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AIBU to ask partner to be present at our DS’s birth?

(39 Posts)
cbryce2 Mon 08-Jun-20 09:00:40

Pls help as our relationship is falling apart because DH can’t get over watching me having our DS and I can’t see why he is still traumatised by it almost 6 months later?
Since coming home from hospital, he now finds it hard to make love with me and says it’s because of the the pain and whole childbirth process he witnessed. At first I tried to understand and have not initiated any intimacy between us hoping I’m allowing him time to recover. Yet just last night he brings it up again how how troubled he is after watching me have our babyconfused
I got really upset and told him he should grow up because I went through the pain and will not be having another baby if he thinks it’s so terrible he can’t stand it again but yet wants another baby.
Now he accuses me of being unreasonable and not supportive for lashing out.
Has anyone experienced this and how do I get over him feeling this way because I completely think he shouldn’t given that he adores our DS and wants us to have another child?

OP’s posts: |
Alyssum34456 Mon 08-Jun-20 09:04:52

Do you think he's one of those men who (sorry!) saw you very sexually beforehand and has now realised your a real woman and it's no longer this weird fantasy?

It does sound like he might need some kind of therapy. What has he proposed to do to help the situatuon? Have you explained that you dont find it painful or you will let him know if you do? Was he ok with sex before?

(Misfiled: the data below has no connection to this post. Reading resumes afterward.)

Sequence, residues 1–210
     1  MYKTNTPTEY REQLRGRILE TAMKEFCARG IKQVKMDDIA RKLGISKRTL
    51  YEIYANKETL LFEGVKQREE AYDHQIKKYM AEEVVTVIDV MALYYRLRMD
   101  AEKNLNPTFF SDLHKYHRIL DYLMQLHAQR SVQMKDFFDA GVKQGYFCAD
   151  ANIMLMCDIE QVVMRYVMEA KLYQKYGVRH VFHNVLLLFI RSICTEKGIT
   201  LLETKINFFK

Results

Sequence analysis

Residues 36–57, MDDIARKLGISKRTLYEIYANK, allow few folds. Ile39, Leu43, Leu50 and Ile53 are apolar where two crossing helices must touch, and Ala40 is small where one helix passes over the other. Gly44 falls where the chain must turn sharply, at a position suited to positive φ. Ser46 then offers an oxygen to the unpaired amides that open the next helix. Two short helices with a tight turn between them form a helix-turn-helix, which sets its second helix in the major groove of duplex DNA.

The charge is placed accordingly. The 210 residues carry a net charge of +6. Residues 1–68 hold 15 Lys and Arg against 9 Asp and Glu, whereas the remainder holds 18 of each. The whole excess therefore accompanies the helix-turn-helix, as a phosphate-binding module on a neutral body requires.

Dougalthesyrianhamster Mon 08-Jun-20 09:07:14

It sounds like he's grossed out by it 😳🙄 I've heard of this happening before thanks

SisyphusLangClegRocks Mon 08-Jun-20 09:07:30

Hi OP. Was it his decision to watch you give birth or did he feel pressured? I'm not criticising as it's perfectly normal to have a partner there (I did), but some men really struggle with feelings of guilt after witnessing the woman they love, in so much pain and discomfort.

edwinbear Mon 08-Jun-20 09:09:11

I had a difficult birth with DC1 and DH found it extremely traumatic, he was later diagnosed with PTSD, I think perhaps it made him feel helpless as he couldn't fix it.

When I fell pregnant with DC2 he told me he really couldn't face watching me give birth again, so we hired an independent midwife to be a birth partner for me and DH stayed at home with DC1 when I went into labour. Honestly, DC's birth was amazing, I felt so much better supported by a 'professional' and not have to worry about what DH was thinking. If you both want DC2 him not wanting to be present at the birth doesn't have to prevent that.

Dougalthesyrianhamster Mon 08-Jun-20 09:11:27

@edwinbear Yes but, sorry to be crude here but if he won't have any intimacy with her then there's no likely to be another birth, is there??

Dery Mon 08-Jun-20 09:13:07

I have heard about this happening. Of course the real effort in childbirth is doing it but I can imagine it may be traumatic to witness for a sensitive partner because it's so primal and there's nothing your partner can really do to assist - sure, he can massage your shoulders, hold your hands, get sworn at etc but he can't have the baby for you and he is reliant on other people - midwives, doctors, nurses etc - to help you in birthing your baby.

This is very frustrating for you but you can't get him over feeling this way. He needs to do that and he may well need therapy to do it. He does need to understand that the situation cannot just be left to drift on because it is very hurtful for you to be rejected by him and it is damaging your relationship.

Sorry you're going through this.

triballeader Mon 08-Jun-20 09:17:43